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spiral physics help

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Hello Everyone,

 

Wondering if anyone has some ideas for me. This is also for 2D. Given a circle C(pos,r) I would like to drop a particle of arbitrary mass in, and watch it spiral towards the center.

 

I suspect I can use the Logarithmic Spiral to solve this problem, for example from here http://mathworld.wolfram.com/LogarithmicSpiral.html

 

However, it's position based. What I need is a directional force proportional to the distance from the center. So as the particle gets closer and closer to the center, the force increases.

 

Any sources or ideas would be much appraciated.

 

Thanks in advance,

 

Mike

 

 

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Any attractive force will cause the particle to fall in a spiral, ending in contact instead of an orbit at some distance if there is attrition. Attrition makes the particle lose energy, until it has no potential energy and it reaches the attractor.

With a constant force towards the spiral center plus a constant force opposite the current velocity vector you cannot go wrong.

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I am not sure I understand what the problem is with it being "position based". Do you mean that you need to come up with a field of accelerations --not velocities-- that will produce spirals?

 

Hi Alvaro,

 

Yes, I am looking for F=ma => a=F/m. I know the mass, but I don't know how to calculate the Force vector which of course needs a normalized direction and a magnitude for a spiral.

 

Thanks,

 

Mike

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Well, you could try with something like (-x/(x^2+y^2), -y/(x^2+y^2)), but you also need to add linear drag to your equations of movement, or you will just get periodic orbits.

It you are dropping particles with some angular momentum, they will spiral. If you want the field to add the angular momentum, you can add something proportional to (y, -x). I would try that, that divided by distance to the origin, and that divided by distance to the origin squared, all of them multiplied by various constants. But I don't know what effect you are looking for exactly, so you'll have to play around with it yourself.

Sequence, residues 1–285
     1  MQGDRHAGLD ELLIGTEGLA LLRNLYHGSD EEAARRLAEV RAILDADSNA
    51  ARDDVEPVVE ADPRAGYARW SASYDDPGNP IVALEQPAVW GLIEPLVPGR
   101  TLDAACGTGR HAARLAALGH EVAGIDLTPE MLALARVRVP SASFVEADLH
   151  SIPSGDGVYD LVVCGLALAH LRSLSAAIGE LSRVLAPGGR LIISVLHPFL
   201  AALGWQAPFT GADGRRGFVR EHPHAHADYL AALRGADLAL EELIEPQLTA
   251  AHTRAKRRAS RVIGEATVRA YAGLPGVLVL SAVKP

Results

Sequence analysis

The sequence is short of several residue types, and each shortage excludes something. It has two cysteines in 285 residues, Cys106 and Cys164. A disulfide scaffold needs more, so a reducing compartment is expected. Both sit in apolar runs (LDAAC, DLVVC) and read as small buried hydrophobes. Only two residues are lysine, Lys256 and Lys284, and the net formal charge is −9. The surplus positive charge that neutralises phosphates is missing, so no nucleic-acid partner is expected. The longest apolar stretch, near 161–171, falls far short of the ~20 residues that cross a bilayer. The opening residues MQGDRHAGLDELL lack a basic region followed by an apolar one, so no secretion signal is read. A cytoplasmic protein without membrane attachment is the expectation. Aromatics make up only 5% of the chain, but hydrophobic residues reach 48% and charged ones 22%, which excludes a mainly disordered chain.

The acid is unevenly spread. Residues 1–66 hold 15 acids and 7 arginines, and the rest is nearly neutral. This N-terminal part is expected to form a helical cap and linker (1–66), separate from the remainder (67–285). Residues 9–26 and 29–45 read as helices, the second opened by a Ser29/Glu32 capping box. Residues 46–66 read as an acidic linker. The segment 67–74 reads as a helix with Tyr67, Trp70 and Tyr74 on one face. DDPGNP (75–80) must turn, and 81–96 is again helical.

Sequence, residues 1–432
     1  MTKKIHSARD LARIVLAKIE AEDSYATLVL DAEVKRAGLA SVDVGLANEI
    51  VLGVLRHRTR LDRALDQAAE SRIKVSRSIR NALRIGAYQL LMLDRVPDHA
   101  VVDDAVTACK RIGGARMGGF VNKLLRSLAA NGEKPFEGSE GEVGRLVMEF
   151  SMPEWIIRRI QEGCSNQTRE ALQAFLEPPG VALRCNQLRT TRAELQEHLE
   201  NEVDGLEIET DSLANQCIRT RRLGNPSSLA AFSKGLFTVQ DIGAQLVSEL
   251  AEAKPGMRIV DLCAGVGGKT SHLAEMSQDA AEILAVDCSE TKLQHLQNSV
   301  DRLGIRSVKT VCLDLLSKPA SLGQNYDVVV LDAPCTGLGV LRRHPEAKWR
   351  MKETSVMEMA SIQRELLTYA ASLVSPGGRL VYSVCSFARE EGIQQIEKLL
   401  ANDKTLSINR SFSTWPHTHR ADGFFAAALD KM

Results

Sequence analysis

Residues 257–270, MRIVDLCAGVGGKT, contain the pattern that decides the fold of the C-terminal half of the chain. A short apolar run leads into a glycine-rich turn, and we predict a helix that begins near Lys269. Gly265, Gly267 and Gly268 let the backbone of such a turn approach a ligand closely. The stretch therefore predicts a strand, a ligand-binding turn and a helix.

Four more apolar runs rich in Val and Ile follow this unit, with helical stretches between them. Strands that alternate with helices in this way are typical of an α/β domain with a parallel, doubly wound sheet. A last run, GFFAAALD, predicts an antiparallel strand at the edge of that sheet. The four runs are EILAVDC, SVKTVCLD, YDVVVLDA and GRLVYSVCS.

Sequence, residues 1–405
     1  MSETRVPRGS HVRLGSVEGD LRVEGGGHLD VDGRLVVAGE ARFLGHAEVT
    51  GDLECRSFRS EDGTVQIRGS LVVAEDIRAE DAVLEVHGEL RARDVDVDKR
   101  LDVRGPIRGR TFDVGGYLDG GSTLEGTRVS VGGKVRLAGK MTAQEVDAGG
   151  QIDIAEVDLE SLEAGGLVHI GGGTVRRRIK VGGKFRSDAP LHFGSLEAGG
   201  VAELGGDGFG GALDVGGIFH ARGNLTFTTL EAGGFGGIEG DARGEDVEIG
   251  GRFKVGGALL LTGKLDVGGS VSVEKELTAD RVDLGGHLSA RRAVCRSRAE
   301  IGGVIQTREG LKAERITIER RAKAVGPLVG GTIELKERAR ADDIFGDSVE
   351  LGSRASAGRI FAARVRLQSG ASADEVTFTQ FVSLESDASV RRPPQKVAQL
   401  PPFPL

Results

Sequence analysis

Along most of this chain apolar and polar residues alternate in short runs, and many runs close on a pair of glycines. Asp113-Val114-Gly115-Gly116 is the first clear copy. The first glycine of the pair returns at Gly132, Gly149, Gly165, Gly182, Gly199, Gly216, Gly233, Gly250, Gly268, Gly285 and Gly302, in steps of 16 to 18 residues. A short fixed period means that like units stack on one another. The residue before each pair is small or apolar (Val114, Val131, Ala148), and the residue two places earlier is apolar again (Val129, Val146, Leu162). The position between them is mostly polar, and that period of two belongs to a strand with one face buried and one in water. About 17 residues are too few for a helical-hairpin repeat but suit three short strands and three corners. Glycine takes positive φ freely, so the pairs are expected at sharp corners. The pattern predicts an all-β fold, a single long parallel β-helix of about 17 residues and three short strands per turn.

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Just for the record, potential energy is turned into kinetic energy. Energy isn't lost, just converted.

 

Edit: It seems that you want F related to gravitation and do numerical integration. Or do you want to do it parametrically?

Edited by sjhalayka

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In main.cpp, replace idle_func with the following code. This implements drag:

void idle_func(void)
{
    custom_math::vector_3 grav_dir = sun_pos - mercury_pos;
    custom_math::vector_3 drag_dir = -mercury_vel;
    
    float distance = grav_dir.length();
 
    grav_dir.normalize();
    custom_math::vector_3 accel = grav_dir*(G*sun_mass/pow(distance, 2.0));
    
    drag_dir.normalize();
    accel = accel + drag_dir*(G*sun_mass/pow(distance, 2.1));
    
    float dt = 10000;
 
    mercury_vel = mercury_vel + accel*dt;
    mercury_pos = mercury_pos + mercury_vel*dt;
    
    positions.push_back(mercury_pos);
    
    glutPostRedisplay();
}
Edited by sjhalayka

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